Loretta Mary Aiken (March 19, 1894 – May 23, 1975), known by her stage name Jackie "Moms" Mabley, was an American standup comedian. A veteran of the Chitlin' Circuit of African-American vaudeville, she later appeared on the Ed Sullivan Show and The Smothers Brothers Comedy Hour.
Loretta Mary Aiken was born in Brevard, North Carolina on March 19, 1894 to James Aiken and Mary Smith, who married on May 21, 1891, in Transylvania County, North Carolina. She was one of a family of 16 children. Her father owned and operated several successful businesses, while her mother kept house and took in boarders. While working as a volunteer fireman in 1909, her father died when a fire engine exploded. Loretta was 15. In 1910, her mother took over their primary business, a general store. She was killed after being run over by a truck while returning home from church on Christmas Day.
By age 14, Loretta had been raped twice (at age 11, by an elderly black man, and age 13, by a white sheriff) and had two children who were given up for adoption. At the encouragement of her grandmother, Loretta ran away to Cleveland, Ohio, joining a traveling vaudeville-style minstrel show starring Butterbeans and Susie, where she sang and entertained.
Loretta Aiken took her stage name, Jackie Mabley, from an early boyfriend, commenting to Ebony in a 1970s interview that he had taken so much from her, it was the least she could do to take his name. Later she became known as "Moms" because she was indeed a "Mom" to many other comedians on the circuit in the 1950s and 1960s.
She came out as a lesbian at the age of twenty-seven, becoming one of the first openly gay comedians. During the 1920s and 1930s she appeared in androgynous clothing (as she did in the film version of The Emperor Jones with Paul Robeson) and recorded several of her early "lesbian stand-up" routines.
Mabley was one of the most successful entertainers of the Chitlin' circuit, another name for T.O.B.A., or Theater Owners Booking Association. T.O.B.A., sometimes called the "Tough On Black Asses Circuit," was the segregated organization for which Mabley performed until the organization dissolved during the Great Depression. Despite Mabley's popularity, wages for black women in show business were meager. Nonetheless, she persisted for more than sixty years. At the height of her career, she was earning US$10,000 a week at Harlem's Apollo Theater. She made her New York City debut at Connie's Inn in Harlem. In the 1960s, she became known to a wider white audience, playing Carnegie Hall in 1962, and making a number of mainstream TV appearances, particularly her multiple appearances on The Smothers Brothers Comedy Hour when that CBS show was number one on television in the late 1960s, which introduced her to a whole new Boomer audience. Mabley was one of the top women doing stand-up in her heyday, eventually recording more than 20 albums of comedy routines. She appeared in movies, on television, and in clubs.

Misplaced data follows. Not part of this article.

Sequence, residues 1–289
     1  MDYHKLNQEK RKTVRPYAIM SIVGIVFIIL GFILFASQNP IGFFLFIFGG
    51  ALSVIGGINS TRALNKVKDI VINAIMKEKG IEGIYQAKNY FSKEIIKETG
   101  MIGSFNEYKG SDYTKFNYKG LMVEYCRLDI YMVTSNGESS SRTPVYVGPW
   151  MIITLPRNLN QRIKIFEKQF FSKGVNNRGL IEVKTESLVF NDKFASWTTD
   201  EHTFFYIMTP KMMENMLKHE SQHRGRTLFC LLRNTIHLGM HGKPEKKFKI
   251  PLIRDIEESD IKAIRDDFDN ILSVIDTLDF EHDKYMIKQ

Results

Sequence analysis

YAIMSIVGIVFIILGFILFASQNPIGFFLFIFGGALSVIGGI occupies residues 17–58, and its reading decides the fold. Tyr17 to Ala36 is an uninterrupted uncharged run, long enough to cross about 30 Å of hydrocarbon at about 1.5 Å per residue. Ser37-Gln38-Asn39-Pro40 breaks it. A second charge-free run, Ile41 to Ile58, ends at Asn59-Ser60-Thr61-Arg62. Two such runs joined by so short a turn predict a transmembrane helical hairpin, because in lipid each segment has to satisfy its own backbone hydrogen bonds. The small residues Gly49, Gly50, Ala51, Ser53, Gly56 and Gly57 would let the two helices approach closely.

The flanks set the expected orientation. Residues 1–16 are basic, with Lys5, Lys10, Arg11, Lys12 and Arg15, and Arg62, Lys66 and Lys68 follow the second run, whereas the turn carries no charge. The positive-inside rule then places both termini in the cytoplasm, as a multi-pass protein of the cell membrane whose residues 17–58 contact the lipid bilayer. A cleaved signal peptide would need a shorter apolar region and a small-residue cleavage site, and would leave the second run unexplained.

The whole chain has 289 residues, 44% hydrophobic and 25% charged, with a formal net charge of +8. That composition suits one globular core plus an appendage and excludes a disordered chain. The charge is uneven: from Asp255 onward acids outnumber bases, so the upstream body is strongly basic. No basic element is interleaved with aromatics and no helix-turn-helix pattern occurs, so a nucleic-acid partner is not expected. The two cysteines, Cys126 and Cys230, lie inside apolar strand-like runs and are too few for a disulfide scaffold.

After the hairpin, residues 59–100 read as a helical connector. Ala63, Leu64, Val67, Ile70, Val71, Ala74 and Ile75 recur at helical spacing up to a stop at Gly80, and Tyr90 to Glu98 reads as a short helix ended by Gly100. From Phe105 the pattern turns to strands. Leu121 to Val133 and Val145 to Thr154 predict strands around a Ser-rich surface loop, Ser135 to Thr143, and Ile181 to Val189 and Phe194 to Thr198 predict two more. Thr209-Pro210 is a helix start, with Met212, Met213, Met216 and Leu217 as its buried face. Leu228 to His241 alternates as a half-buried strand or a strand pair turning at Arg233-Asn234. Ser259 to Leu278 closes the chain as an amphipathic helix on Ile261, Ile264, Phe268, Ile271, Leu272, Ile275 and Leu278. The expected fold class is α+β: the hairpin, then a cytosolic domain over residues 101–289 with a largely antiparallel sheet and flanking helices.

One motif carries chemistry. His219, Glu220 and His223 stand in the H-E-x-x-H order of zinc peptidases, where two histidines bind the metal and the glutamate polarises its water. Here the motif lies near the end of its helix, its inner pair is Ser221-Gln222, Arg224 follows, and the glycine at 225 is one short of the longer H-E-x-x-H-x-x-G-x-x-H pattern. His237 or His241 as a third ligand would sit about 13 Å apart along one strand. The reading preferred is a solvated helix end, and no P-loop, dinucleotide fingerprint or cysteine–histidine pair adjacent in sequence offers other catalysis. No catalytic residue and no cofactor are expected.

Mabley was billed as "The Funniest Woman in the World". She tackled topics too edgy for most mainstream comics of the time, including racism. One of her regular themes was a romantic interest in handsome young men rather than old "washed-up geezers", and she got away with it courtesy of her stage persona, where she appeared as a toothless, bedraggled woman in a house dress and floppy hat. She also added the occasional satirical song to her jokes, and her (completely serious and melancholy) cover version of "Abraham, Martin and John" hit #35 on the Billboard Hot 100 on 19 July 1969. At 75 years old, Moms Mabley became the oldest living person ever to have a US Top 40 hit (Louis Armstrong, who would have been 86 when "What a Wonderful World" became a hit in 1988, is the oldest overall, although Armstrong was younger than Mabley when the record was made).
Mabley had six children: Bonnie, Christine, Charles, and Yvonne Ailey, and two given up for adoption when she was a teenager. She died from heart failure in White Plains, New York on May 23, 1975. She is interred at Ferncliff Cemetery, Hartsdale, New York.
Mabley was the inspiration for the character of Grandma Klump in The Nutty Professor. She is the subject of Whoopi Goldberg Presents Moms Mabley, a documentary film which first aired on HBO on November 18, 2013. This documentary was nominated for two Creative Arts Emmy Awards at the 66th ceremony held on August 16, 2014, at the Nokia Theatre in Downtown Los Angeles: Outstanding Documentary or Nonfiction Special and Outstanding Narrator for Whoopi Goldberg. In 2015, she was named by Equality Forum as one of their 31 Icons of the 2015 LGBT History Month.
Mabley was featured during the "HerStory" video tribute to notable women on U2's tour in 2017 for the 30th anniversary of The Joshua Tree during a performance of "Ultraviolet (Light My Way)" from the band's 1991 album Achtung Baby.